WSHU hosts Wally Lamb – OCT 29, 2013 – WE ARE WATER book tour

In another lifetime, Author Wally Lamb and I were high school classmates at the Norwich Free Academy (NFA).

Periodically, I see Wally and his wife, Chris, at our class reunions. We three were in numerous classes together back in our NFA school days. When I see the two of them, vivid images of Mr. Quigley’s sophomore English class pop into my head. Mr. Quigley, of longish hair and bushy beard, wearing suits that seemed a bit rumpled for the young man that he was, would begin most classes asking us to write something. Only occasionally did Mr. Quigley read one of our impromptu pieces aloud. He did read a piece by Wally.

Back then, I had the feeling that Wally would become a writer someday, even though he was also an artist of some promise. He became an educator. During the mid-1970s, when Wally was teaching English at NFA, my youngest sister was attending. I distinctly remember her being happy to be in his home room. He was a popular teacher.

Have decades really passed? Last night, WSHU hosted Wally at Sacred Heart University, one stop on a rigorous-looking book tour. His newest book and 5th novel is We are Water. What a fabulous title! The live interview, fortunately taped by WSHU, was a meaty and fascinating discussion crossing many Wally Lamb and writing subjects.

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I believe this was his 7th appearance of this new book tour. My friend, Sue, a WSHU contributor and committed volunteer for the radio station, was offered tickets. It was so kind of her to invite my husband and I, and so we went.

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Prior to the public interview part of the program, we attended a private reception where we chatted with WSHU staff, WSHU contributors, other invited guests, and briefly with the guest of honor. Wally was his usual gracious self, especially amidst all the photo taking.

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BERNICE L. ROCQUE AND WALLY LAMB, WITH WSHU STAFFERS IN THE BACKGROUND.  This photo was taken right after Wally gave me a giant hug, and just before a WSHU photographer suddenly jumped, gear and all, around those standing nearby so he could get a photo of Wally greeting an old friend. Such an agile photographer!

Back in the minutes during which we waited for the guest of honor to arrive, I had the opportunity to meet a WSHU contributor, Samantha. We talked scads of subjects and had a great time yakking.

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BERNICE L. ROCQUE AND FRIEND, SUE SCHROEDER.  Some of you know the guy in the background with the Boston Red Sox cap. You’ll see that cap again…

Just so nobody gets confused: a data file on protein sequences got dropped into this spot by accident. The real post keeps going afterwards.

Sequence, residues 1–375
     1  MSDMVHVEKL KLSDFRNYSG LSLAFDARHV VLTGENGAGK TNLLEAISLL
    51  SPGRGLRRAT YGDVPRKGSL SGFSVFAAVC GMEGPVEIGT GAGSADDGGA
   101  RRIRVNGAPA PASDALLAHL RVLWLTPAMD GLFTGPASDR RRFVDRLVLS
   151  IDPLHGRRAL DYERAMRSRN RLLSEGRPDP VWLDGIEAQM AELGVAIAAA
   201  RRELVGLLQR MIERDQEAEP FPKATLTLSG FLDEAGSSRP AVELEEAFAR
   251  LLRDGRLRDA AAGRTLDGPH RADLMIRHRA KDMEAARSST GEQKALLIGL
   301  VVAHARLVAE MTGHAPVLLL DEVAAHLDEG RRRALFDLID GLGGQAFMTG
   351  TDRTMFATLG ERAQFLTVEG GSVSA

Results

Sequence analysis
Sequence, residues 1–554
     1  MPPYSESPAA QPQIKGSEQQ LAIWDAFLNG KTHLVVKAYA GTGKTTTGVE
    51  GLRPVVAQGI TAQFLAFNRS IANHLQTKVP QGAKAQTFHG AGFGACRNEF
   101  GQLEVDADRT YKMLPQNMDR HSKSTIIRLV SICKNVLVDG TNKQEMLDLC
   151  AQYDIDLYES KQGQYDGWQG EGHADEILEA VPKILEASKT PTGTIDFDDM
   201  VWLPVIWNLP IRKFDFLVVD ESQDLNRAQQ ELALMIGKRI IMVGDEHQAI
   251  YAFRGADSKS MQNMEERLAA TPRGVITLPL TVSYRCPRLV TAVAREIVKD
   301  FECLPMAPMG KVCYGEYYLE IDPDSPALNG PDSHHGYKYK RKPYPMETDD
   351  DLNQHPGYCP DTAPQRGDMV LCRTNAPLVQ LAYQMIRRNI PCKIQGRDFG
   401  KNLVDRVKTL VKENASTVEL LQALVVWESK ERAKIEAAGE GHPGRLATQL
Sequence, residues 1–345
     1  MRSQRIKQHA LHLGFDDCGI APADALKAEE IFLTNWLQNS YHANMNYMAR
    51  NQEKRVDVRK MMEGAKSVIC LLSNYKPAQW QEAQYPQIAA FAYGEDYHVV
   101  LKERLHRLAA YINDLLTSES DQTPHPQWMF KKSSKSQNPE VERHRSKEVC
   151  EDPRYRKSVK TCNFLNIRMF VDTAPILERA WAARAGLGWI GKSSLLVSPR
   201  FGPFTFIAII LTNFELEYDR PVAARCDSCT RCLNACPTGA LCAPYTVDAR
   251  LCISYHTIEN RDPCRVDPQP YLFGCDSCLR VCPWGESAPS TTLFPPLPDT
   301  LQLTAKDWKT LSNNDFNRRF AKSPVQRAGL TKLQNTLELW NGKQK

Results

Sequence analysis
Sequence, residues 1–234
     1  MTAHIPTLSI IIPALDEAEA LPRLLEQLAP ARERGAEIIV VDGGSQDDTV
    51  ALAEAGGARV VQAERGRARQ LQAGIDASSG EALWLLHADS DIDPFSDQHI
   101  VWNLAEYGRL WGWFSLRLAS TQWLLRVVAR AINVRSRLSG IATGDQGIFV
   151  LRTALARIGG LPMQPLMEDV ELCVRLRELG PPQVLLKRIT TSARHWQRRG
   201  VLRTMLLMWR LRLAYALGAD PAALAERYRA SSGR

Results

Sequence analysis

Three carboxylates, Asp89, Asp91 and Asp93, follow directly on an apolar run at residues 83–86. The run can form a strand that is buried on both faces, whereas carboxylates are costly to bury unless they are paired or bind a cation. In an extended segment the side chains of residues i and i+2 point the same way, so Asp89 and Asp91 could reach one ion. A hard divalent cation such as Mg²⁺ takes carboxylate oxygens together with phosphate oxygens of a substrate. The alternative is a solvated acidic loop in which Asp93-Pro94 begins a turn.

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WSHU staffer, GILLIAN ANDERSON. There’s that cap again, after some fun clowning around.

The WSHU interview and audience questions touched on an array of subjects. Those that interested me the most were discussions about the tragic 1963 flood in Norwich that serves as an anchor in this new novel, his very honest reflections about writers block and how he has overcome it, especially following his first gigantic book advance which froze him in fear for weeks, his recollections about how this new book and another were birthed from snippets and somewhat accidental pairings of imagination and life, and how he believes his art background and his writing criss-cross at times to create a visual feed into his story development.

The WSHU interview was lengthy, thoughtful, and excellent as was the radio interview conducted by Diane Rehm last week. Hopefully, WSHU will release a podcast for the Oct 29 WSHU interview. Some links below.

While waiting in line to have Wally sign my book, We are Water, I talked with two young women, Priscilla and Lydia. They had driven from Hamden and Westport. We soon realized we had a common interest in genealogy. I shared my book card with them, explaining that my book and Wally’s books were quite different. They were interested in my experience writing UNTIL THE ROBIN WALKS ON SNOW and getting it published.

Last night following the event, Priscilla sent me a message. She said that she and Lydia were so inspired from their experience at the WSHU program last night that they have decided to start their own writing circle. I’m so pleased that they benefited, probably in different but meaningful ways, from interviews with two authors — for the price of one!  Hopefully, they will stay in touch and let me know how they are doing.

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